Apple’s Focus mode arrived last year to expand on the popular Do Not Disturb setting, and this year iOS 16 adds even more features.
There’s a lot to absorb here, and for some, the Focus system could ironically become too convoluted to feel like it’s worth the effort to set up. But put in a little time to understand these settings and you’ll find some fantastic ways to streamline your device usage and get more done.
Here’s everything new about Focus modes this year.
Focus modes had a tendency to be a bit confusing, but Apple has really improved the onboarding process in iOS 16. Create a new focus and choose Custom. After naming your focus and choosing an icon to represent it, you’re then taken to a customization screen.
Here, you can choose from several very handy options, many of which are new…
When Focus first launched, you could silence incoming notifications from people and apps, while choosing a select few to let through the filter.
That’s still possible, but with iOS 16 you can do things the other way around, too: allow everything by default, but blacklist certain people or apps you find particularly distracting. That way, only those things you chose will be silenced while this focus mode is active.
Essentially, you now have the option to create either a whitelist or a blacklist.
Also new is the ability to tie a specific Lock Screen and Home Screen(s) to your focus mode. This is a really powerful feature if used creatively!
You might want to set a Lock Screen with productivity widgets during work hours, or a Home Screen with easy access to the apps needed for the kids’ bedtime. Of course, you can switch up your wallpapers too depending on what you’re up to.
Choose from any Lock Screens or Home Screen(s) you’ve already made, or tap Create a New Lock Screen to make one specifically for this purpose. Unfortunately you can’t create a new Home Screen from this customization page, so if you have a certain layout in mind it’s best to rearrange your apps before creating a new focus. That way you’ll have something to choose ready and waiting.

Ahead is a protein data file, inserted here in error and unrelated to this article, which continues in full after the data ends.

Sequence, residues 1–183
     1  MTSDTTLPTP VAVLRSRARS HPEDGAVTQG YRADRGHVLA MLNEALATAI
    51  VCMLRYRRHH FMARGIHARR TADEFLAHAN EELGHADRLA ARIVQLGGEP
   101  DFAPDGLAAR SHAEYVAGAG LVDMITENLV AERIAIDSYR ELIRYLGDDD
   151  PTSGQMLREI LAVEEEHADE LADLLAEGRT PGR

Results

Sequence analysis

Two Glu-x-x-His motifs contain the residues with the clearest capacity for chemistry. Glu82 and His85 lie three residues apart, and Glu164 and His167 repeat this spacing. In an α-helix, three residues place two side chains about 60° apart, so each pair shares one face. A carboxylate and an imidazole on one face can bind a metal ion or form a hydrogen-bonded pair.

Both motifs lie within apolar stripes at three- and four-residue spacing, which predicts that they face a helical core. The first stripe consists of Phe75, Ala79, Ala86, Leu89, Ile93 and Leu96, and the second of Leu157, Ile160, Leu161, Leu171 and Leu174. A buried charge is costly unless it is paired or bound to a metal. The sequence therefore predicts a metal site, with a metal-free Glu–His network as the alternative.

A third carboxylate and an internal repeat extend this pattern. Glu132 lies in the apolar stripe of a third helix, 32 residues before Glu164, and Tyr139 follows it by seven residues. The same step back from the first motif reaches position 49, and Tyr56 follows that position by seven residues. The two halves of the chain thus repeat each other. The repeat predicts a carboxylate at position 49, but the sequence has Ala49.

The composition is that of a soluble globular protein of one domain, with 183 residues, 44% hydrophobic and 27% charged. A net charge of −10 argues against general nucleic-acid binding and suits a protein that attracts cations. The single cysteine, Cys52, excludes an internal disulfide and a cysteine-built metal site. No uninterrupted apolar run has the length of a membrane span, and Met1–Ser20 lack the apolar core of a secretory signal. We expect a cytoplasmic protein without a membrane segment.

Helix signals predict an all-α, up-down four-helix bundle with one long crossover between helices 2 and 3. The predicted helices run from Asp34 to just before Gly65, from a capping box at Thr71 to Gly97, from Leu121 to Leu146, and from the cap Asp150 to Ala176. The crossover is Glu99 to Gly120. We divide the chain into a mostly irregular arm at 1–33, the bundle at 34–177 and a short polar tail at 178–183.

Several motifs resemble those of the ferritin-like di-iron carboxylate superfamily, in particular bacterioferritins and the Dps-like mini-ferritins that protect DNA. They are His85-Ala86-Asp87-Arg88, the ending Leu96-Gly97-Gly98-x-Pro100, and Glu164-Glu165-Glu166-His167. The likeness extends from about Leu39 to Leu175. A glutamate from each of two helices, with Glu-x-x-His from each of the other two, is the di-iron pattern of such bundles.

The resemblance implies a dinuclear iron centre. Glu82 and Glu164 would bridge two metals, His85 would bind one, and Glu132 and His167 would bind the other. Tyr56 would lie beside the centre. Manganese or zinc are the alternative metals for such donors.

If you use an Apple Watch, you can also set a custom Watch face to come on for a specific focus mode.
You can program your schedules to turn on automatically based on certain criteria: time, location, and app use. For example, you might want to cut out social media apps after 9pm, switch to your work focus at the office, or silence alerts for distraction-free listening whenever you open the Podcasts app.
You can also toggle on something called Smart Activation, which uses various data to make a guess at when you might need certain focus modes. This pulls from your significant locations, time of day, app usage, etc. to figure out your habits – much like the Siri Suggestions found across iOS.
iOS 16 gives developers the chance to make their apps react to your focus modes. Not every app will utilize this feature, but in theory it means that apps you use regularly can filter distracting content when you have a certain focus enabled. This nuanced approach should help you avoid blocking certain apps completely when you need to focus, instead limiting their content.
At launch, you’ll find several first-party Apple apps that support focus filters. For example, you can configure Safari to only show a certain tab group or Messages to show only a select list of contacts. This is another potentially powerful feature that will require a bit of forethought.
This focus filters section also allows you to adjust system-wide settings, like Dark Mode and Low Power Mode.
There’s a new menu in the Focus section of the Settings app in iOS 16. Focus Status allows you to share the fact you have notifications silences with your apps.
That means, for example, that if you get a message while in a deep productivity state and have alerts turned off, the person will be notified that you’re not being rude, you’re just busy.
Different apps will respond to this data in different ways, but each will need to ask your permission before accessing your focus status you can choose on a case-by-case basis even after enabling the setting.